Gwulo: Old Hong Kong


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Kind regards,


PS 'Gwu lo' is roughly how '古老' sounds in Cantonese. It means 'ancient' or 'old-fashioned'.

A Silver Trowel and St Paul’s History

Guest author Geoffrey Charles Emerson unearths the history of a small, silver trowel:

In January 2021, I received an email from Michael Stewart in England. Michael is the son of former St Paul’s Headmaster (1930 – 1958) Evan G. Stewart. Michael was born in Hong Kong in 1931, so 90 this year, and he is now retired in southern England near to his two daughters, Frances and Isobel. Ever since 2008, when Michael visited Hong Kong for Speech Day and for the Stewart Dinner in the school hall, in honour of Michael’s father and his father’s older brother, Michael’s uncle, Rev. A.D. Stewart, Headmaster of St Paul’s before E.G., Michael and I have kept up an active correspondence.

Michael wrote to me because recently he and his daughters have been going through family records and mementos, and they were puzzled by a silver trowel with a Chinese inscription on it, but no English. Longman’s dictionary defines a trowel as “a tool with a flat blade for spreading cement”, and trowels are often used for laying foundation stones. They are usually presented as a souvenir to the person, always a VIP, laying the stone. Michael sent me a photo and asked if I could provide a translation of the Chinese.

The silver trowel


A friend of mine, Sylvia Fok Midgett, was happy to assist, and not only did she provide a good translation, but she also found

New on Gwulo: 2021, week 28

A look at what's new on the Gwulo website...





1964: Typhoons & Telephones

As we head into the typhoon season, guest author Peter Kelly remembers the troubles they caused him in 1964, when he was in Hong Kong as a telecoms engineer with the army:

Our busiest time was during the typhoon season. This occurred every year with some years being spectacularly damaging. I had one of those years, with cables being uprooted by anchor chains and mass flooding of many of our manholes.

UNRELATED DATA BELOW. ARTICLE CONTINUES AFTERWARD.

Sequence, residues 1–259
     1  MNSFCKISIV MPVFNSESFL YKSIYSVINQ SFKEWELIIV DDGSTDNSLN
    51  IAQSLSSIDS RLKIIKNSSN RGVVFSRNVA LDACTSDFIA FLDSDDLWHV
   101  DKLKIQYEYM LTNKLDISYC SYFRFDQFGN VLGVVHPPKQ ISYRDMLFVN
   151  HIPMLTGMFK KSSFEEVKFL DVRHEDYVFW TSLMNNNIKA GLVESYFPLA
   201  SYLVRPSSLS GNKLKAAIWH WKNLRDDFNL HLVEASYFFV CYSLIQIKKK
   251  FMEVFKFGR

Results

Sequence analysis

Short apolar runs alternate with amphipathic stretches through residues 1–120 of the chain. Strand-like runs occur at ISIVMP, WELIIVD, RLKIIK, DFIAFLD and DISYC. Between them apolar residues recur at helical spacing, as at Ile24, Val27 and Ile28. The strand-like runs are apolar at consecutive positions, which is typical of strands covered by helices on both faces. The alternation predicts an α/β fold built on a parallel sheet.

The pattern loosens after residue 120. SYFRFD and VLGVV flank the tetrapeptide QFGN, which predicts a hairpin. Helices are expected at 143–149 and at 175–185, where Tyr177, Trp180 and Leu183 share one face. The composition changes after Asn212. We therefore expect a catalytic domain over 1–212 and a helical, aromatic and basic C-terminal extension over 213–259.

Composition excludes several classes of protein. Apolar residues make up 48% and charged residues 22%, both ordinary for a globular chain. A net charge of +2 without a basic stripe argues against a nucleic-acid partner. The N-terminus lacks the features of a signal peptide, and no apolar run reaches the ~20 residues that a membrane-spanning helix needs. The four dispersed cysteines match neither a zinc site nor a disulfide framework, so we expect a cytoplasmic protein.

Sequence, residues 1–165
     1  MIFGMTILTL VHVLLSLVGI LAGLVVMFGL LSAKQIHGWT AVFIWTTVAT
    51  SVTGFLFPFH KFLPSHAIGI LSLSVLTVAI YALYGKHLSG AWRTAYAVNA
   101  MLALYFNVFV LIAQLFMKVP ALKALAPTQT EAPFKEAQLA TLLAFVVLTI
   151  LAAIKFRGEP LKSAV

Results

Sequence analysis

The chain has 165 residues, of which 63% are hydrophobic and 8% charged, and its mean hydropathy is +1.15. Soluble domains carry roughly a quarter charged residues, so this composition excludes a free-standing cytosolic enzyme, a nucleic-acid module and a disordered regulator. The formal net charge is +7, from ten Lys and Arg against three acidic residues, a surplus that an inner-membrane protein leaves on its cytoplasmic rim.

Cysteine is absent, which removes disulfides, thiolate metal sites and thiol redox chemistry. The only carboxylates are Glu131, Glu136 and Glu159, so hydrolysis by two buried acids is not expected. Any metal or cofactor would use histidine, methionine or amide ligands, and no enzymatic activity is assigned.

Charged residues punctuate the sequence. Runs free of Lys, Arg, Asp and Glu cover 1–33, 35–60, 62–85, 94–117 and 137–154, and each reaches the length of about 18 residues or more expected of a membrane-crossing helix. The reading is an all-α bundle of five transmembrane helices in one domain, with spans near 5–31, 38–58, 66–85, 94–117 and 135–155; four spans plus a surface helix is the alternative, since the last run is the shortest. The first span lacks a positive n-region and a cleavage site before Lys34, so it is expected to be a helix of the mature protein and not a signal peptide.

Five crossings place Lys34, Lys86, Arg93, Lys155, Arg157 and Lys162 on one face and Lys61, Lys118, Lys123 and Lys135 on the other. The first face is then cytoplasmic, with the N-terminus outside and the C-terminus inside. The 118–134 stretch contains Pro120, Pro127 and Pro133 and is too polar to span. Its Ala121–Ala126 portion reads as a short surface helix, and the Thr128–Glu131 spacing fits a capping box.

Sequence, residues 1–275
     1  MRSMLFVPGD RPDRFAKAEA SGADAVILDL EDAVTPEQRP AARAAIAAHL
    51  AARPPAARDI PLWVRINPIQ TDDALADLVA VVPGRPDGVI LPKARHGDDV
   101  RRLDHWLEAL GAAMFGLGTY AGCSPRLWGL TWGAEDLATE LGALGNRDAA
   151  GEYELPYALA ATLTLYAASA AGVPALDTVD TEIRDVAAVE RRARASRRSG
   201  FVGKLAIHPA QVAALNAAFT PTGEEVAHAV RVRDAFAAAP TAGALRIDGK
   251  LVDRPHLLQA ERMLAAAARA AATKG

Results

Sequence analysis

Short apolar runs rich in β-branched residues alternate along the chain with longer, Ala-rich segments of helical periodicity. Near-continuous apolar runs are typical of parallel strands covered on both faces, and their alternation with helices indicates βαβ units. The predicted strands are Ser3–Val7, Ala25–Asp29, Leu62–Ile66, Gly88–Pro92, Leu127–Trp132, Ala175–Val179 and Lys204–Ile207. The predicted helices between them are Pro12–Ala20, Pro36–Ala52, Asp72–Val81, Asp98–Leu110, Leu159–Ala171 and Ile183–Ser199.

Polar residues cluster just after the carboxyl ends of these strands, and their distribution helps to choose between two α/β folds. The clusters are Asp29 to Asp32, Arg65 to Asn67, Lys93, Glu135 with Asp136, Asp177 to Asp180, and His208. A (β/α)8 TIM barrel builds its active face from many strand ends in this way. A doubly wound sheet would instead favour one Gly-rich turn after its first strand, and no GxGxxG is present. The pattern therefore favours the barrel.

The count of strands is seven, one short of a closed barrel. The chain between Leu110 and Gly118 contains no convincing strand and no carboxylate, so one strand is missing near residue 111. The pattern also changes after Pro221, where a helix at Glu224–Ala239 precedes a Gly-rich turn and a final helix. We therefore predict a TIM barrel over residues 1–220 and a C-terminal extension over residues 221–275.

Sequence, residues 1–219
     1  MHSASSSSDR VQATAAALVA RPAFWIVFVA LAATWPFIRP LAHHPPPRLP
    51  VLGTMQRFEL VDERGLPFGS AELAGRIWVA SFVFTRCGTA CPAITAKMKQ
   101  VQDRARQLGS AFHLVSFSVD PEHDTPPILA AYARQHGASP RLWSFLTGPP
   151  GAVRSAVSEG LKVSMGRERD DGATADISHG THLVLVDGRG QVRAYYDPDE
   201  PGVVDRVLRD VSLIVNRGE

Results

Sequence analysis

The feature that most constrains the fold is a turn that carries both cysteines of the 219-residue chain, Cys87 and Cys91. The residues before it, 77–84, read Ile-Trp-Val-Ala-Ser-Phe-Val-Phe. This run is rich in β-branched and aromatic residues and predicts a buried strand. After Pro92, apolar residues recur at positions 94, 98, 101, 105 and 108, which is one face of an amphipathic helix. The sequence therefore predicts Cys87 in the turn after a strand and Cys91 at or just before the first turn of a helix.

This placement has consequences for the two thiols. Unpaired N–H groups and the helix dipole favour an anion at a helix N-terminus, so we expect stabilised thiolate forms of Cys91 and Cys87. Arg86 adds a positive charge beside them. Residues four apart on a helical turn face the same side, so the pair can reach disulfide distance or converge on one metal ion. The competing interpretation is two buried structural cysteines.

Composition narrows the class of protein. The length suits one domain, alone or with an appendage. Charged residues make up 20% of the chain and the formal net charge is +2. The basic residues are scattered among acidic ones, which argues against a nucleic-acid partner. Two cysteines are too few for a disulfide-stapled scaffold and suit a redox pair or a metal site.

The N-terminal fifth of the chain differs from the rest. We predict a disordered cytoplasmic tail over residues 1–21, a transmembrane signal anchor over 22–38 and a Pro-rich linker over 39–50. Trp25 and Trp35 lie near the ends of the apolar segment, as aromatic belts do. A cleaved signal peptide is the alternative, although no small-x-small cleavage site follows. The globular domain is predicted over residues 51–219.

The warnings would start at number one or two and slowly climb to ten.

Storm Warning Signal Card a.

1950s Storm Warning Signal Card by Andrew Suddaby


By about six all movement outside had been banned and the city hunkered down to sit out the storm. The wind was hurricane force and the rain torrential. One night we were all turfed out of our beds to

New on Gwulo: 2021, week 26

A look at what's new on the Gwulo website...




Book offer, and Gwulo in the press

  • My Book One are offering 15% off English-language books, including all four of Gwulo's books. Offer ends on 11 July.
  • Last week, Dan Ip took listeners to RTHK's 清晨爽利 on a guided trip through the hidden details in two of my photos - one each from my first and second books. The recording is now online, and starts at 05:40 in Part 2.
    1923 Crashed trams on Arsenal Street
    Photo 1: 1923 Crashed trams on Arsenal Street

The Anglo-Chinese Boundary 1898

Guest author Klaus Liphard describes how the boundary between the New Territories and China was created in the 1890s.



At the end of the 19th century, the Chinese Qing Empire was weak. This was utilized by foreign powers - France, Germany, Russia, and also Great Britain - to force China to lease territories to them.

Britain forced China into The Convention Between Great Britain and China Respecting an Extension of Hong Kong Territory, also known as the Second Convention of Peking, which leased the New Territories to Britain for 99 years. The Convention was signed on 9 June 1898 in Peking (Beijing) and became effective on July 1st, 1898. This short convention (the English text is only one and a half pages) included a map showing the new boundary.

Map of Hong Kong in The Convention for the Extension of Hong Kong Territory in 1898
Map of Hong Kong in The Convention for the Extension of Hong Kong Territory
in 1898, by Klaus


This map had a small scale only. The eastern end of the boundary on land was at Starling Inlet (Mirs Bay), and the western one at Deep Bay. Between these two end points, a straight line was drawn. The exact course of the boundary had to be negotiated by


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